Series: Donor Program Management Tools
Editor’s note: The article below is the sixth in a series highlighting the importance of strategy in building a strong donor recognition program. Click here to view the series in its entirety.
Effective donor recognition can’t happen in a bubble.
It’s got to be a group effort. Internal and external teams must align on objectives, roles, budgets, and schedules to create standards around all types of donor recognition. The final product of that collaboration is a living document, keeping everyone on the same page with the occasional update or edit.
So, what should this vital document include?
The most comprehensive address a host of activities, including announcements, events, mementos, and lists as well as plaques and displays. Emphasis can be placed on different components depending on the type and size of the organization and its fundraising programs. For instance, a hospital might have a greater focus on annual and employee giving campaigns while an academic institution might have more naming opportunities for scholarships, faculty positions and programs.
At a minimum, the document should include:
A Statement of Purpose: This includes your organization’s mission, values, and vision; design directives and standards, naming opportunity gift minimums and value calculation models, the timing for donor recognition practices and implementation procedures.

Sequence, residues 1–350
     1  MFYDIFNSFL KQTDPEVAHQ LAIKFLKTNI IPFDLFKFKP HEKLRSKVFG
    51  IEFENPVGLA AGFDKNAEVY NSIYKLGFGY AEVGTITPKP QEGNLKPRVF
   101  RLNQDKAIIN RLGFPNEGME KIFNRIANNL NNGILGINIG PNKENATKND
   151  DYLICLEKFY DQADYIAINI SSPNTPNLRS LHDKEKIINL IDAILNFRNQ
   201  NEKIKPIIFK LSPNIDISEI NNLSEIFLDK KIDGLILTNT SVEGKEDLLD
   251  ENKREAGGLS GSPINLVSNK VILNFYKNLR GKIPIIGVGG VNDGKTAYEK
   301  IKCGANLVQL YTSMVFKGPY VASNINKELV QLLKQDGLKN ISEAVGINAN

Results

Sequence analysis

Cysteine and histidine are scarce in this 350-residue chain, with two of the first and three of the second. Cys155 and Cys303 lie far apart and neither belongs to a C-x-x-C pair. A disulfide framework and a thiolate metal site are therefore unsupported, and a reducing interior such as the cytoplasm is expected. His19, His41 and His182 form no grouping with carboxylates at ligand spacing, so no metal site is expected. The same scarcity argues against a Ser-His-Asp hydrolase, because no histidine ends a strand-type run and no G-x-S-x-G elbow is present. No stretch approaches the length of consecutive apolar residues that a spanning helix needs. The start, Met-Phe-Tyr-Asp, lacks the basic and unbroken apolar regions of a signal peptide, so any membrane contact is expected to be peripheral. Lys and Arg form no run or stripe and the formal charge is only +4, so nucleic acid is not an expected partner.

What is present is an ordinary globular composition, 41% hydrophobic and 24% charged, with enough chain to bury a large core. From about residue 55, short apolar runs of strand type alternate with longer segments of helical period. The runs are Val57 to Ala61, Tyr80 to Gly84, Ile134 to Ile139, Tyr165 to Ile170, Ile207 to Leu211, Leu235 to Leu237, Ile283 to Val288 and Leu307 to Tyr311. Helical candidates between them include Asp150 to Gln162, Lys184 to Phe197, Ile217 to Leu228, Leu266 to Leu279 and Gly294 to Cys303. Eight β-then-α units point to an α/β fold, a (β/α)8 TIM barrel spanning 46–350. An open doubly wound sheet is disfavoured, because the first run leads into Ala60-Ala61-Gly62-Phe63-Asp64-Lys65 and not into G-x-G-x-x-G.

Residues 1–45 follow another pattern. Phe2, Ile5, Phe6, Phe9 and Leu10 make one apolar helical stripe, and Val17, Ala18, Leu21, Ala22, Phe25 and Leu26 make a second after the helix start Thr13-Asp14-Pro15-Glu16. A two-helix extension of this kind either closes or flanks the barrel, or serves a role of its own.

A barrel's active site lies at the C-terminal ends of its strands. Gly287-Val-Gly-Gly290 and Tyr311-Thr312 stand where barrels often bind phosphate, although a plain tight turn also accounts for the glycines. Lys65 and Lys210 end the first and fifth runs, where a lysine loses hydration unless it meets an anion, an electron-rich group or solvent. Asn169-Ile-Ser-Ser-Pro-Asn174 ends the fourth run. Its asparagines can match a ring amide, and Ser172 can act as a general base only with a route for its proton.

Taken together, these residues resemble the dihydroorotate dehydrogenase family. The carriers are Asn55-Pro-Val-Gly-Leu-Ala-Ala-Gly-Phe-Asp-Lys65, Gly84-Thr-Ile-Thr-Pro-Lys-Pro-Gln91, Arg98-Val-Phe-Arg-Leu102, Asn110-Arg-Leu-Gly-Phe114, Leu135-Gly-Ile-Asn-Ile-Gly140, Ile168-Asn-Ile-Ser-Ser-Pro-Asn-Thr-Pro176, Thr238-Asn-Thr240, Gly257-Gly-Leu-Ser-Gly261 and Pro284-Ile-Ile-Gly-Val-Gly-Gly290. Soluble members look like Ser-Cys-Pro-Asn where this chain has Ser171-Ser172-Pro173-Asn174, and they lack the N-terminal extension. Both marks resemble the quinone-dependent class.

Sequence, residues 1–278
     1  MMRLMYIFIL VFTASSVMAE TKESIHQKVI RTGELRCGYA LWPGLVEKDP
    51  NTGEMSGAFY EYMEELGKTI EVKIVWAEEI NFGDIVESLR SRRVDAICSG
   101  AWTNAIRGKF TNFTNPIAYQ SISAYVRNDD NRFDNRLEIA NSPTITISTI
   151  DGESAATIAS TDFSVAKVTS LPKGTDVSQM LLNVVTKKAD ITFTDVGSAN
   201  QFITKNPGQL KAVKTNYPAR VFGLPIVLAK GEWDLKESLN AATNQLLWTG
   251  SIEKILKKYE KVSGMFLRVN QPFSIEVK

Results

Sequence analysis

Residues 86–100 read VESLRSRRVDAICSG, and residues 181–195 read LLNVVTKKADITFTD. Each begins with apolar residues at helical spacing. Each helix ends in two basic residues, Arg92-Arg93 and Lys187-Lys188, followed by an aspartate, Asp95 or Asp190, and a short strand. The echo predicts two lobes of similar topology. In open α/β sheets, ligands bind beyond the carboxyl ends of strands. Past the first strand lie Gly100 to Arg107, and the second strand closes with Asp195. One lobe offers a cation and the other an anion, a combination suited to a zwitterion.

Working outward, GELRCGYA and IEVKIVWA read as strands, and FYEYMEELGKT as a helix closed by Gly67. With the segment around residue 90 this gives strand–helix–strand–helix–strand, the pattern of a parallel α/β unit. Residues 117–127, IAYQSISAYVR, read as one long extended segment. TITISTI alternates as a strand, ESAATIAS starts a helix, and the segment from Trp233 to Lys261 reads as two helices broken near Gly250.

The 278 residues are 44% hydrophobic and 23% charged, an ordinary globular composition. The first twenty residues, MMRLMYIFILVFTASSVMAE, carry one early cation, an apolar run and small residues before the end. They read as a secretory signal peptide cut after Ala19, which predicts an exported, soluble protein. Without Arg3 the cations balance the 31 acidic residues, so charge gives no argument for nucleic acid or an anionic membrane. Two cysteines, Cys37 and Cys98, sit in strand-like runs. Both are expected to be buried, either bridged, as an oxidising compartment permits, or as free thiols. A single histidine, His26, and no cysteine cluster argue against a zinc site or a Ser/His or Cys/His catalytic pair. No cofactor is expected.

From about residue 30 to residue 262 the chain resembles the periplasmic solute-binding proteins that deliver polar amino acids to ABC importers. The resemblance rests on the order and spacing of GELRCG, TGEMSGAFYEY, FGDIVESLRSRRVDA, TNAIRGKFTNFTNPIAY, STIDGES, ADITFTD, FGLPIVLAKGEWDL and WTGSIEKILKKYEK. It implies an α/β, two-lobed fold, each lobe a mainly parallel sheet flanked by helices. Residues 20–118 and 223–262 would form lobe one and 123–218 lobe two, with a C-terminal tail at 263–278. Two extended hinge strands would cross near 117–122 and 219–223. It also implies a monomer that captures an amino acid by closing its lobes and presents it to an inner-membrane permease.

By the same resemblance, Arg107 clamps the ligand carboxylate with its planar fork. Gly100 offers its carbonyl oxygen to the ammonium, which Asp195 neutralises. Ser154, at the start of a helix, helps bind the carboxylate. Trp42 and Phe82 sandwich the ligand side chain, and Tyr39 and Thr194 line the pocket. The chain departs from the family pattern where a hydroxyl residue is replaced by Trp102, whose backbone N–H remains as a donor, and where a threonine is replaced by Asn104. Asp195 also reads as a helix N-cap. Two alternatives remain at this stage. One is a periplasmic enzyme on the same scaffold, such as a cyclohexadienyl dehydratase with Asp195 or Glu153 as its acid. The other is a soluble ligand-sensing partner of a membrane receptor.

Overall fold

Donor Recognition Guidelines: This includes giving programs by gift category, from major gifts resulting in naming opportunities to student or parent giving; recognition opportunity locations plans; and an inventory of named and available opportunities.
Gift Announcement Protocol: This includes guidelines for announcing gifts via traditional media, social media and on the organization’s website, as well as print collateral templates.
Donor Recognition Products Overview: This includes a full breakdown of naming opportunities and standards, centralized philanthropy listings, electronic media content guidelines and storytelling venues, such as donor testimonials or success stories.
Design Guidelines: This includes sizes, materials, finishes, colors, construction methods, and typical installation guidelines.
Implementation Procedures: This includes everything from maintenance roles and responsibilities to the review and approval process to budgets and schedule forecasts.
Most important, the document must include enough options to remain versatile if new circumstances arise. For instance, institutions often underestimate the volume of growth in their giving programs and do not sufficiently plan for future expansion. The irony in planning for permanent public displays is that change is still a constant. Give yourself the room you need to adapt.
Written By Anne Manner-McLarty
Anne Manner-McLarty is the managing editor of the Journal of Donor Relations and Stewardship. She founded Heurista in 2011, a leading resource for consulting specific to donor relations and stewardship, with particular expertise in the donor recognition program design and implementation.